Gizmo for You has gone to Indiegogo to ask for $600 for a modular, Linux based “Open Source Remote Control” for UAVs and other remote-controlled craft.
Three years in the making, the Open Source Remote Control (OSRC) device is available in Indiegogo fixed-funding packages starting at 350 Euros ($600) for the basic version, or 1,250 Euros ($1,561) for an advanced version. The Linux-based OSRC device is designed to act as a hackable universal controller for all types of “drones, filming, UAV control and general RC.” It seems to be primarily aimed at high-end, hobbyist remote model airplanes.
Drones and other remotely piloted vehicles are inherently limited by their controls; you frequently have to switch controllers when you switch vehicles, and you can usually forget about customization. You might not have to worry if the Open Source Remote Control (OSRC) project gets off the ground, however. The long-in-development peripheral uses a mix of modular hardware and Linux-based software that lets you steer just about any unmanned machine. On top of a programmable interface, you can swap in new wireless modules and shoulder switches to either accommodate new drones or improve existing controls. You can also attach a 4.8-inch touchscreen module (typically for a first-person view), use cellular networks or even share one vehicle between multiple operators -- handy if you're at a flying club or shooting a movie.
At the Tizen Developer Summit 2014 Shanghai, Samsung were showing off the Gear S, and also the Samsung Z Smartphone. Taking a further glimpse at the settings we can see that it is listed as running Tizen 2.3, which recently saw the release of the Tizen 2.3 Beta SDK. As a recap, the Samsung Z was the Tizen flagship Smartphone that Samsung were due to release at the Tizen developer summit in Russia, but cancelled the launch with only 48 hours to spare.
Google promised that it would consistently improve Android Wear with a number of updates, and now the first major update is here. Announced today in a blog post, the update unlocks some key fitness functionality. It now supports watches with built-in GPS sensors, providing new tools to track your distance and speed independent of your phone. Additionally, with the new software, you'll be able to pair Bluetooth headphones, and offline music playback will also be enabled. And, of course, we're sure the Android Wear team has squashed some bugs along the way.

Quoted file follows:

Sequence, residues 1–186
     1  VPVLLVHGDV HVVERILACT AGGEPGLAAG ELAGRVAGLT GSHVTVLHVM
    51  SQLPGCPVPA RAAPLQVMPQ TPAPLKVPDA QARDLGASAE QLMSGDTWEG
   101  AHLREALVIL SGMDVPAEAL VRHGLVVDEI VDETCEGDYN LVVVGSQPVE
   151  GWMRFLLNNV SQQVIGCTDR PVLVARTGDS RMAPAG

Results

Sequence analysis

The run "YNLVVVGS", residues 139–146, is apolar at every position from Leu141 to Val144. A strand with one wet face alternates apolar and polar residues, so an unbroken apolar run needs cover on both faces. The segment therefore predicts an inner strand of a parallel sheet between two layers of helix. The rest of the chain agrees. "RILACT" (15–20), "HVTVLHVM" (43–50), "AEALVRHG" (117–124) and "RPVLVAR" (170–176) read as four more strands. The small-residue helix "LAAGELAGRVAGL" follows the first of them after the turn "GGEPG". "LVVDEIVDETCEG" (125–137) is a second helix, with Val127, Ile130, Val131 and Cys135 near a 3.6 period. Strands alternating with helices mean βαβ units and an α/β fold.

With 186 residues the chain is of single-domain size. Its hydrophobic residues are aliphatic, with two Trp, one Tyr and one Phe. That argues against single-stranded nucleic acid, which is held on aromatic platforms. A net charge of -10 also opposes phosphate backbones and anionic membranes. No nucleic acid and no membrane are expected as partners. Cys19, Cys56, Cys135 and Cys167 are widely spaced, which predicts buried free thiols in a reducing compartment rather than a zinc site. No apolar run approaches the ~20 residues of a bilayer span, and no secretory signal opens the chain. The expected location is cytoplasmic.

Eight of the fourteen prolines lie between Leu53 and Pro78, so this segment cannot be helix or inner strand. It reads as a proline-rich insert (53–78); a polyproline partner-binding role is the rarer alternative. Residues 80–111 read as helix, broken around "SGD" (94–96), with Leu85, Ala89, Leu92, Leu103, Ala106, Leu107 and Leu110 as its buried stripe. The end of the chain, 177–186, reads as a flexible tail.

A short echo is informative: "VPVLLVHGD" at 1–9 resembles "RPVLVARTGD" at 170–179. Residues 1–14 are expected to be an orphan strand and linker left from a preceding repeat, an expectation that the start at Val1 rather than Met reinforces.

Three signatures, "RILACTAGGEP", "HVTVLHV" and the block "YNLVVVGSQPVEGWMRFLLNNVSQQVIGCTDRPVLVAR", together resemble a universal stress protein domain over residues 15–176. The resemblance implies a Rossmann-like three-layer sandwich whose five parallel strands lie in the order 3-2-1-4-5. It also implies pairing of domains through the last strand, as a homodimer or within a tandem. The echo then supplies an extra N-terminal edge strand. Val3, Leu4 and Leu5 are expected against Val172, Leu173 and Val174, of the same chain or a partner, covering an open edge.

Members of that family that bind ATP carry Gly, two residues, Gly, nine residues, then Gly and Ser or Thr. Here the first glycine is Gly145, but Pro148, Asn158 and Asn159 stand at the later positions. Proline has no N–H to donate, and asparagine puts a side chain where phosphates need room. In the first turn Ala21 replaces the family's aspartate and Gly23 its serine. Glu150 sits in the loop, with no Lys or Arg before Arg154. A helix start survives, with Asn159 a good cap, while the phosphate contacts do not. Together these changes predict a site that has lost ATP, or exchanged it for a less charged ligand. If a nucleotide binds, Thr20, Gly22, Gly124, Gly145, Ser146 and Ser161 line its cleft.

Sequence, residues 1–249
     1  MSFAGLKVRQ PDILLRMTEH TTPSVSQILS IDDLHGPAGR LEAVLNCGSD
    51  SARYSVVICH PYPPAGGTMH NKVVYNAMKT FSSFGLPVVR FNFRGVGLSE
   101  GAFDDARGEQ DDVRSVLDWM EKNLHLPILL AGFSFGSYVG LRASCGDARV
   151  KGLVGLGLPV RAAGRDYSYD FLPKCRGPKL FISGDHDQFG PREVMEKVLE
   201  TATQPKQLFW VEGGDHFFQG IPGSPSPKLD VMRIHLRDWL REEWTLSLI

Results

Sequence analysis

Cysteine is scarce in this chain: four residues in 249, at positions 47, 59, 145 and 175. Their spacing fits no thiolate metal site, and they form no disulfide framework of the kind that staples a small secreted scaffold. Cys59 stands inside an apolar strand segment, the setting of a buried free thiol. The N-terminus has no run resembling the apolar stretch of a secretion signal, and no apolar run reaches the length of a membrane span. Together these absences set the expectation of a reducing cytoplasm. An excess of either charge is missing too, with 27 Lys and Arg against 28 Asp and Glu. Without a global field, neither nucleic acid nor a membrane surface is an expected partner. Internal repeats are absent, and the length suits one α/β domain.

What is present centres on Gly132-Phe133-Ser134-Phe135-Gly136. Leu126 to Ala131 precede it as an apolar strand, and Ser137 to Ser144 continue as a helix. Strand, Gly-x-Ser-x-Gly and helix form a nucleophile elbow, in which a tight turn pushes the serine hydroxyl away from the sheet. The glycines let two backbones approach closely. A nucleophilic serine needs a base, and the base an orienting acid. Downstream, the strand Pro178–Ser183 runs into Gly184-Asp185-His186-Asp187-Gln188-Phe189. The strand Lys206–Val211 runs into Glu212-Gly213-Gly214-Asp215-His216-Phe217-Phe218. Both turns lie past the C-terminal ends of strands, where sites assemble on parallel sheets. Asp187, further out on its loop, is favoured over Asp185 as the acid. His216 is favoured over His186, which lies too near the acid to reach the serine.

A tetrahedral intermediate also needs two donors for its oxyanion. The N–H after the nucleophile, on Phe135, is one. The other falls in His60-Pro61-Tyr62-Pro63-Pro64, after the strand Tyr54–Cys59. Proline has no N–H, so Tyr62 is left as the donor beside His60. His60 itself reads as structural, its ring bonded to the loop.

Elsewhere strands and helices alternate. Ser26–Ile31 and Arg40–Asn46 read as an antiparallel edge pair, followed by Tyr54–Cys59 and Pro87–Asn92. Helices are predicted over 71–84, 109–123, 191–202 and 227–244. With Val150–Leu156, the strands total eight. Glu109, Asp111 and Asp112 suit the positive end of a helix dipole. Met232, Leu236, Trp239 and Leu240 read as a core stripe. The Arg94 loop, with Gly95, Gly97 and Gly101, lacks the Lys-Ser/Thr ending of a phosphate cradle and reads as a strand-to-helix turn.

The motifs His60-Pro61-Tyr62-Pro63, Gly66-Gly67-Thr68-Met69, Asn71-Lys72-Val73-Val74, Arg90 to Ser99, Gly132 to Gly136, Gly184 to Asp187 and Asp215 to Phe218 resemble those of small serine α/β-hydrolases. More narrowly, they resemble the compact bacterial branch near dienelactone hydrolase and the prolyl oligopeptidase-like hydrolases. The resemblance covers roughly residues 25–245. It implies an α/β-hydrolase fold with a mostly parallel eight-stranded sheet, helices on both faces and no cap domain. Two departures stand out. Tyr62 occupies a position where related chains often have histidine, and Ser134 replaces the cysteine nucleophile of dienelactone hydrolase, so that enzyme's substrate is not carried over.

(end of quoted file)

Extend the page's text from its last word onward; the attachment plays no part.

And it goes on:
The Xperia Z1 and Xperia Z2 are now a part of Sony's open source efforts, and unifies them with a common kernel based on the Qualcomm MSM8974 platform. This won't mean much for everyday users, since applying the software to either device means you won't be able to take pictures or make phone calls, but it will make life easier for folks who tinker with custom ROMs.
The kernel unification means developers will be able to cook something up for both devices at once, rather than needing separate ROMs for each. This is a great start, but there are plenty of Z variant models that could benefit from this AOSP treatment as well.
A mobile personal web server called “The Egg” runs Tizen on an Intel Atom and features a 12-hour battery, a 2.4-inch touchscreen, and up to 256GB of storage.
Arizona-based startup Eggcyte has taken to Kickstarter to push a more private alternative to public cloud storage and social networking sites. The Egg is available in packages starting at $199 with 64GB through Nov. 6, with devices shipping in July 2015. The Egg is billed as a personal web server, and a way to cut the cord on social networking sites that sell information based on your data.
Using input device / control events in the Tizen Linux they were able to control mouse and keyboard events. You can charge the Tizen phone when it is place inside the robots head, and notifications messages are displayed in the robots LCD screen. You can also perform file transfers between devices and even use the robot as a media output device.